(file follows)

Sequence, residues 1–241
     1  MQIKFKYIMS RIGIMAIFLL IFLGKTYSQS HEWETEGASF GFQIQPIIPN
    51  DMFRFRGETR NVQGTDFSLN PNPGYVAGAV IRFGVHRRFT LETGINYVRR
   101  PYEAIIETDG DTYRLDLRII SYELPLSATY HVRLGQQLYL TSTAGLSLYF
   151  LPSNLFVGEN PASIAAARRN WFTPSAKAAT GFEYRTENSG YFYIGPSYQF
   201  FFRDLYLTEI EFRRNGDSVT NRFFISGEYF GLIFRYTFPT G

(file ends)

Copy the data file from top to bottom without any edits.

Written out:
Sequence, residues 1–241
     1  MQIKFKYIMS RIGIMAIFLL IFLGKTYSQS HEWETEGASF GFQIQPIIPN
    51  DMFRFRGETR NVQGTDFSLN PNPGYVAGAV IRFGVHRRFT LETGINYVRR
   101  PYEAIIETDG DTYRLDLRII SYELPLSATY HVRLGQQLYL TSTAGLSLYF
   151  LPSNLFVGEN PASIAAARRN WFTPSAKAAT GFEYRTENSG YFYIGPSYQF
   201  FFRDLYLTEI EFRRNGDSVT NRFFISGEYF GLIFRYTFPT G